Monday, March 29, 2010

The 5 charters of a good gigolo - Markus

Markus, the male prostitude or gigolo (he prefers to be known also as a surrogate-lover) has left the brothel Shady Lady Ranch in Tonopah, Nevada as the first legal male prostitute.

The New York Times has the story

Kosmo! also has the report below

Early this year, MYFOX NATIONAL, Chicago has the story on the hiring of Markus as America's first male prostitute by one of the few legal brothels in Nevada.

The Los Angeles Times also has the news here.

In an interview with an online magazine, Markus talks about his passion in the job by having a level of discipline. He describes himself unique in a way as he has developed a work charter. He also thinks the business he is in is viable.

Markus' 5 charter as a gigolo

Number 1: Having a psychological profile—how he was raised, his upbringing, his thought, his morality, what he views as right and wrong.

Number 2: He must have the heart of a saint, the mind of a philosopher, and the skills of the devil—that's the second qualification.

Number 3: Never refer to any woman as a bitch, ho, twat, cunt, or any of those terms. It offends people. Women don't pay for sex, they pay for experience. One must also have the mentality and the emotion and gumption to make women feel the way they want to feel. And if you can complete that through sex, too your mission is accomplished.

Number 4: A gigolo knows how to cook, clean, and do the things necessary to upkeep himself. He's totally independent. He can cook a 3-course meal, and at the same time, serve wine.

Number 5: He must be literate, he must have a sense of honor and dignity to himself. He should just be an all-around good guy.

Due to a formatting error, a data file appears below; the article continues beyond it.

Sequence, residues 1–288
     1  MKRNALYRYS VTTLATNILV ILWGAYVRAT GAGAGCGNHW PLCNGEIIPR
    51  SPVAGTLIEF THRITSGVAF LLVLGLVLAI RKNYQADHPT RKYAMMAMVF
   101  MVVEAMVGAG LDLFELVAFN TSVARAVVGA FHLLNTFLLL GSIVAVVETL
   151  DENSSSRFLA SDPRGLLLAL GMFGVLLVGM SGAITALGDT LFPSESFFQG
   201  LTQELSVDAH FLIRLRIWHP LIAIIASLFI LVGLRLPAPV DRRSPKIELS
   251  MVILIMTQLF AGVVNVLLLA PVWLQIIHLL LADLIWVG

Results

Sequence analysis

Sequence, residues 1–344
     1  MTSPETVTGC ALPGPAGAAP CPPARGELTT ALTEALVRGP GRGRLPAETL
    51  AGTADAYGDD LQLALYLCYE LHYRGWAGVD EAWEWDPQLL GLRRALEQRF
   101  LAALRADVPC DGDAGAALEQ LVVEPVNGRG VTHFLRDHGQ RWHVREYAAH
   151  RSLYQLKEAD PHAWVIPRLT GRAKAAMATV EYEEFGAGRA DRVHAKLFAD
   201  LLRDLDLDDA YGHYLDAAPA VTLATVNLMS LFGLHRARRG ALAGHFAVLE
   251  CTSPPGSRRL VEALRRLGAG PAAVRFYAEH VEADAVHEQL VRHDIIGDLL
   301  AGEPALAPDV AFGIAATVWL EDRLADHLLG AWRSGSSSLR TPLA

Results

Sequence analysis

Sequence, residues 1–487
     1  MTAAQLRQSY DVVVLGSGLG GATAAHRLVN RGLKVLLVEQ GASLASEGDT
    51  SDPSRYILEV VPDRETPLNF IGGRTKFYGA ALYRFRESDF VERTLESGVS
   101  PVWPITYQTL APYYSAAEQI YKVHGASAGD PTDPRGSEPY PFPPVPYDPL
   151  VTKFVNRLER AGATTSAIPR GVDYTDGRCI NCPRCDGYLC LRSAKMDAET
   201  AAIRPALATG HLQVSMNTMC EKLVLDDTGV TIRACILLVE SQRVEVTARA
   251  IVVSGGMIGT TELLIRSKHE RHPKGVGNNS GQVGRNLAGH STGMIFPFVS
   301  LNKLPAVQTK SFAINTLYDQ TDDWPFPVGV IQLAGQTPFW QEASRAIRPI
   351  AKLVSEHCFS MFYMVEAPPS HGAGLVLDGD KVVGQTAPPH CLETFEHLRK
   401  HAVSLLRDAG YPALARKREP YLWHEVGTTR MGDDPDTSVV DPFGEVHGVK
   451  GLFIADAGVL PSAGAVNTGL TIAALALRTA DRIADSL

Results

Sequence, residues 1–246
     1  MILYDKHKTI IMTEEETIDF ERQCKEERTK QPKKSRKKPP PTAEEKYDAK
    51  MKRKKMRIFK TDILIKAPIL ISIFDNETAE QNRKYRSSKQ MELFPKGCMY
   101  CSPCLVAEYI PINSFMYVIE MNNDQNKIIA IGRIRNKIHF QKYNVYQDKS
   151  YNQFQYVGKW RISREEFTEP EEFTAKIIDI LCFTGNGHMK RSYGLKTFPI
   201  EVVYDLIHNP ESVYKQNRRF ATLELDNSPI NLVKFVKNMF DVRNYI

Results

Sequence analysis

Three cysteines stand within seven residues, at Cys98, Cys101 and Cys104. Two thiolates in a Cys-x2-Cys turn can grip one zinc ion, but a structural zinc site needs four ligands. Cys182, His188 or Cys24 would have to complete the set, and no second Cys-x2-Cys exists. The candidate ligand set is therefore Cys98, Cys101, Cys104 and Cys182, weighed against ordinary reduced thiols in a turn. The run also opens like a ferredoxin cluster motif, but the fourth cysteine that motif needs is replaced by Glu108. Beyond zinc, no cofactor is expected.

Read about the exclusive interview with Markus in MEET AMERICA'S FIRST LEGAL MALE PROSTITUDE in

Since Markus has left the job, there's a vacant to be filled here.

So guys, if you think you can meet the 5 charters Markus has laid on the good characters of a gigolo, then you can get yourself laid, and getting paid handsomely as well.

On the website it says : Male pricing: $300 an hour.

One wonders whether all these are the changes in standard of values and morality we are anticipating in the future due to the demands of capitalism. However it is, it is now giving rise to profound changes in gender vs occupational roles.

So now, at least there won't be any more gender discrimination with these kind of jobs usually laid out (or laid down rather) by women.

Sunday, March 28, 2010

A sad state of Malaysia's (pre-marital) affairs

Mingguan Malaysia today published Haji Harussani Zakaria's concern about the problem of pre-marital sex and its by-product, the anak luar nikah.

Such a sad state of (pre-marital) affairs if you read the statistics given by Jabatan Pendaftaran Negara. And those statistics are probably a tip of the iceberg, as the numbers recorded were only the ones reported. What about the ones that goes unreported, or the ones that were given away (or even sold) to families outside the country?